Epidemiological Evidence on the Relation between Coffee Intake and the Risk of Head and Neck Cancer

Alessandra Tavani, Carlotta Galeone, Federica Turati, Lodovica Cavalli, Carlo La Vecchia

Research output: Chapter in Book/Report/Conference proceedingChapter

Abstract

About 30 epidemiological studies have investigated the role of coffee in the risk of head and neck cancers. A meta-analysis combined data published up to 2009 on such a relation, using a meta-analytic approach. For oral and pharyngeal cancer, the pooled relative risk (RR) was 0.64 (95% confidence interval (CI) 0.51-0.80) for the highest versus lowest coffee drinking, based on more than 2500 cases, with no significant heterogeneity across studies. The corresponding pooled RR for laryngeal cancer was 1.56 (95% CI 0.60-4.02). An update of the meta-analysis up to February 2013 confirmed a possible favorable role of high coffee consumption on oral and pharyngeal cancer, with a pooled RR of 0.72 (95% CI 0.59-0.87), based on about 7000 cases. A real favorable role of coffee in the etiology of oral and pharyngeal cancer is supported by dose-exposure relations and the consistency of results in different settings, populations, and strata of major covariates.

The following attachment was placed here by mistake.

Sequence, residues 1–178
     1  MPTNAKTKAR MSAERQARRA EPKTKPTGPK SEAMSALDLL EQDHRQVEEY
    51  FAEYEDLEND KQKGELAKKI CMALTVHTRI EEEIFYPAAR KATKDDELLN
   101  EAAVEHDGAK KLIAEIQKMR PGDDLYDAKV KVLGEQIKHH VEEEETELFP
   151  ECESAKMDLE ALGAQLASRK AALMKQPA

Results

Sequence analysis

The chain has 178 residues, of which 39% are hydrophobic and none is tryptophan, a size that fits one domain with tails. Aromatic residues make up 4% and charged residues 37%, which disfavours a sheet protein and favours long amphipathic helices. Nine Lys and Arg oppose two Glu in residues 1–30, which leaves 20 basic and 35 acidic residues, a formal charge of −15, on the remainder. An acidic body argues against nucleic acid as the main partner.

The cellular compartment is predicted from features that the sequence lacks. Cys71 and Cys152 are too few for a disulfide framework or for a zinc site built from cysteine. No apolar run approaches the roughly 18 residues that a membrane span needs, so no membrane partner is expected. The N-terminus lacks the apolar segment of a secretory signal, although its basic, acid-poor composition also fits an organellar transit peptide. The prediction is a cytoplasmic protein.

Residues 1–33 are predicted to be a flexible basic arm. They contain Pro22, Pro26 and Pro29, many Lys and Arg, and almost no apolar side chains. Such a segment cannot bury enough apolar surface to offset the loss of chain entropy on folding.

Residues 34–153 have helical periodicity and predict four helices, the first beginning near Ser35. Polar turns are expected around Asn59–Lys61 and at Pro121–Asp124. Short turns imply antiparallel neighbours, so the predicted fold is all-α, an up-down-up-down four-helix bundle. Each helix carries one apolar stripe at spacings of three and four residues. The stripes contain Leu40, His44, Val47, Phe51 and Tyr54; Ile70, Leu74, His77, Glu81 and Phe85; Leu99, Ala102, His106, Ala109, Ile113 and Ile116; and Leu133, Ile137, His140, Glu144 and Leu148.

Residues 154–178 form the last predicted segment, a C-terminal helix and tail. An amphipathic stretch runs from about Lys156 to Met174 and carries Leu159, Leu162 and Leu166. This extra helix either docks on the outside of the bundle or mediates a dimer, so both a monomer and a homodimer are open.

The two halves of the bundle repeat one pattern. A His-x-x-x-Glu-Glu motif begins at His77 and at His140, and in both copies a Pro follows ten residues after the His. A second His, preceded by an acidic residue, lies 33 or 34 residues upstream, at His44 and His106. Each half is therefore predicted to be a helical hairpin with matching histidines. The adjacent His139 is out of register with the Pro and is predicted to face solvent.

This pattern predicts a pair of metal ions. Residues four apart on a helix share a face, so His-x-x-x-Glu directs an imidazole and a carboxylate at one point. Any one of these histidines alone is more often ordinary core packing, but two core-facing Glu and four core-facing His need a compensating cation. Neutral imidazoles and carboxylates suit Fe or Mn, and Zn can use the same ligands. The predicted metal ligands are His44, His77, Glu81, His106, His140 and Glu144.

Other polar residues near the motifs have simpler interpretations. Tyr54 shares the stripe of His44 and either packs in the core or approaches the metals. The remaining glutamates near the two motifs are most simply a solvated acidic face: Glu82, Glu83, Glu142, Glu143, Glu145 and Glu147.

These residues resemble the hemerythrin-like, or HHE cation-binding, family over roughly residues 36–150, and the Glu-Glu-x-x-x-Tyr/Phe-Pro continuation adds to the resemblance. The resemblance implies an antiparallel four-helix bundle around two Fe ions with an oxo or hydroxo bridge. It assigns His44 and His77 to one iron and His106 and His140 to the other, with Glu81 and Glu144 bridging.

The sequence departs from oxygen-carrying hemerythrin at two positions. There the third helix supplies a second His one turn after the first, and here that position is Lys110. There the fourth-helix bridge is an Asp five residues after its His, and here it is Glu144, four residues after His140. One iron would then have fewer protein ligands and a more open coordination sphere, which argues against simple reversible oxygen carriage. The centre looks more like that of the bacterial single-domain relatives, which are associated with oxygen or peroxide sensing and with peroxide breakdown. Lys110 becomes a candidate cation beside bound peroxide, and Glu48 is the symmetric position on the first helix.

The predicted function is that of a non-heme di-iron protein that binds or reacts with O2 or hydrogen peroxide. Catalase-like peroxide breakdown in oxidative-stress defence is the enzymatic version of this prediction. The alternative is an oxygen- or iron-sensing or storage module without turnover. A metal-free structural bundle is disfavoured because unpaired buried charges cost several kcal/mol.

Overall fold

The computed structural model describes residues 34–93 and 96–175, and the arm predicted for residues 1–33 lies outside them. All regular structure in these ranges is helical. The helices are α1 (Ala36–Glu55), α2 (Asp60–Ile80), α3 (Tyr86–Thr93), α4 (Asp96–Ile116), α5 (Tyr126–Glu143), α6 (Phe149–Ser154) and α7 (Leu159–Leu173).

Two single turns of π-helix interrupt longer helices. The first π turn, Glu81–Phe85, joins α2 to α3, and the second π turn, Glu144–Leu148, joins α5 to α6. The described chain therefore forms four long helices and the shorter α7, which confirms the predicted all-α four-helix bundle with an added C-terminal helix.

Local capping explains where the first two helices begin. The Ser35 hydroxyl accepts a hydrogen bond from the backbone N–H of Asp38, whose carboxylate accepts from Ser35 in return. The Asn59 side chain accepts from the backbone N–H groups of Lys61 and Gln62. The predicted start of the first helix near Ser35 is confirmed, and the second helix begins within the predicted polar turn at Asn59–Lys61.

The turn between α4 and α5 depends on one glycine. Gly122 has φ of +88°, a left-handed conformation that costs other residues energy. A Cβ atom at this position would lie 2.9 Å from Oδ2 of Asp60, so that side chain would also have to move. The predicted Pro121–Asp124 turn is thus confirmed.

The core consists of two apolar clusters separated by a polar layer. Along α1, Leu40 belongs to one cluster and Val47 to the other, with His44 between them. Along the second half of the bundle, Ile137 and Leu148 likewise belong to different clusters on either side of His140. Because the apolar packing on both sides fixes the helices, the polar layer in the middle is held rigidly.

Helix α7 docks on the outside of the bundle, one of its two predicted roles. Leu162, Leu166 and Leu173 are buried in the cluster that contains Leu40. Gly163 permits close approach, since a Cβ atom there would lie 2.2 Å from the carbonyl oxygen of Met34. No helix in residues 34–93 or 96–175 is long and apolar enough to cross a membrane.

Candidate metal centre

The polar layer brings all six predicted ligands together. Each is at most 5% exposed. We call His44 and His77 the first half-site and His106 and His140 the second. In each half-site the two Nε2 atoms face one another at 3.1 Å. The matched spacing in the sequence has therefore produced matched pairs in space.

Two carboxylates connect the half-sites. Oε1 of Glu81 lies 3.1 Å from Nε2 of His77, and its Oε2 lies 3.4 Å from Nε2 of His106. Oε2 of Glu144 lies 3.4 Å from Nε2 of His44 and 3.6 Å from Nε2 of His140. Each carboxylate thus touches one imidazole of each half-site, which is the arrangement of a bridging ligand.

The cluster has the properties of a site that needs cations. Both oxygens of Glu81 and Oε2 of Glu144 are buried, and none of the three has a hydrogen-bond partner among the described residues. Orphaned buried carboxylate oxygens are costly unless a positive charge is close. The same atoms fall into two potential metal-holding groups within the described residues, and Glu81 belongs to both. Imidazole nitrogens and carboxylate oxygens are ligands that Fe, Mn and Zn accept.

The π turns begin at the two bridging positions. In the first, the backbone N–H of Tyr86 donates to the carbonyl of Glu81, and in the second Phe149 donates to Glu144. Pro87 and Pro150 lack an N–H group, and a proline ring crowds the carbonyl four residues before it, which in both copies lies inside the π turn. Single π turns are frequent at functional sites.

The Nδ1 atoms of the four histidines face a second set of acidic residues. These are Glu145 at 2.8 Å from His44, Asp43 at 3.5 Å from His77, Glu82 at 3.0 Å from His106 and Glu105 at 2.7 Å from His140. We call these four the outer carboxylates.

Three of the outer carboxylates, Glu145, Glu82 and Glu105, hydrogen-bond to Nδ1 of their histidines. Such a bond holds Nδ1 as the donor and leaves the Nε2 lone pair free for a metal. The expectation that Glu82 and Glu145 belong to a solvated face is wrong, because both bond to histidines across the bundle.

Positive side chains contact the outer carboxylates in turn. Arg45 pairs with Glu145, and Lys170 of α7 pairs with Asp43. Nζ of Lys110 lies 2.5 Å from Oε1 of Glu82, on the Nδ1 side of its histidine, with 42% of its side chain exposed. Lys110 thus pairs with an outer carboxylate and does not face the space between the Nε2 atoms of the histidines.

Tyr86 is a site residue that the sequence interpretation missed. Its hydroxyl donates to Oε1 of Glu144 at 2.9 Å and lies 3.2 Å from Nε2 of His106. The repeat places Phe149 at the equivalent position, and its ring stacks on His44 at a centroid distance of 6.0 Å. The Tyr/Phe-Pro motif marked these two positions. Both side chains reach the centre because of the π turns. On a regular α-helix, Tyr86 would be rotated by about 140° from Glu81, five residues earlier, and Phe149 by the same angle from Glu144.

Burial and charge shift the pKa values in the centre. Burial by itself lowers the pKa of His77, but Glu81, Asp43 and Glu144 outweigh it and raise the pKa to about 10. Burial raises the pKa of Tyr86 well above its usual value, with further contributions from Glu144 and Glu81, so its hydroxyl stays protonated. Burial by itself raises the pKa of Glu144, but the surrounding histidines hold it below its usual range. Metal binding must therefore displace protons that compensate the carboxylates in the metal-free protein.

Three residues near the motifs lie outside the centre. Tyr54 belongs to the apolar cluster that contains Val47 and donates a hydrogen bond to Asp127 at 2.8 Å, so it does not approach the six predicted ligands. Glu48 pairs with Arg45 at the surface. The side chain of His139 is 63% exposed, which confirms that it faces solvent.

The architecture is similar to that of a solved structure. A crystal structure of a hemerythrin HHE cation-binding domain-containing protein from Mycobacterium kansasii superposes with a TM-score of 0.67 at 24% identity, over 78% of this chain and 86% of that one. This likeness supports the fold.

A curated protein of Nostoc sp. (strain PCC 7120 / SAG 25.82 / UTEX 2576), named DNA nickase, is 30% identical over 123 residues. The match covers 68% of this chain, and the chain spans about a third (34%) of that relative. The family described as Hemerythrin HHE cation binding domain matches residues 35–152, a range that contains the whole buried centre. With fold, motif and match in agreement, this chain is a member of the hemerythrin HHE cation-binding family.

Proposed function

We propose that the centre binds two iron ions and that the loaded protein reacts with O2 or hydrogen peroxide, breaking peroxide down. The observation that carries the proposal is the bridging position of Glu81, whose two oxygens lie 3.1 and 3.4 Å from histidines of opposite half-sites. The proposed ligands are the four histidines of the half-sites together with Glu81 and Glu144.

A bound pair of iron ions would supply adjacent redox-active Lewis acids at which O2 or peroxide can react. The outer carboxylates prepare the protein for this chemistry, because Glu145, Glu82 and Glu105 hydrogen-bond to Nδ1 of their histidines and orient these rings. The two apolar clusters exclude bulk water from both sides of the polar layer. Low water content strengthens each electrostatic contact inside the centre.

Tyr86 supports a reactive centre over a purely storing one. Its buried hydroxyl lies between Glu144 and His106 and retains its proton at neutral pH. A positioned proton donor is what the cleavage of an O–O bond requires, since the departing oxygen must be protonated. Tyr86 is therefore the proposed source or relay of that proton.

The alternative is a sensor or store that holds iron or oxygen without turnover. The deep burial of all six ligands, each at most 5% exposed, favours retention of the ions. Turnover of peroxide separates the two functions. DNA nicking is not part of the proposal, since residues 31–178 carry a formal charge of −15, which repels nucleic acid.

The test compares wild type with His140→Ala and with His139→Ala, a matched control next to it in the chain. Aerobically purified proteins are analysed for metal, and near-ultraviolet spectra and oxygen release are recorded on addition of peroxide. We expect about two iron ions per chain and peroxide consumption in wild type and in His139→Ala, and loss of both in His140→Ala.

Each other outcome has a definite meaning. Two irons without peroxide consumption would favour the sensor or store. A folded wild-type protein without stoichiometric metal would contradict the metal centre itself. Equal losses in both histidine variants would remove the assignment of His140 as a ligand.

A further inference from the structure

Original languageEnglish
Title of host publicationCoffee in Health and Disease Prevention
PublisherElsevier Inc.
Pages349-358
Number of pages10
ISBN (Print)9780124167162, 9780124095175
DOIs
Publication statusPublished - Nov 3 2014

Keywords

  • Coffee
  • Epidemiology
  • Head and neck cancer
  • Laryngeal cancer
  • Meta-analysis
  • Oral cancer
  • Pharyngeal cancer

ASJC Scopus subject areas

  • Medicine(all)

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  • Cite this

    Tavani, A., Galeone, C., Turati, F., Cavalli, L., & La Vecchia, C. (2014). Epidemiological Evidence on the Relation between Coffee Intake and the Risk of Head and Neck Cancer. In Coffee in Health and Disease Prevention (pp. 349-358). Elsevier Inc.. https://doi.org/10.1016/B978-0-12-409517-5.00038-3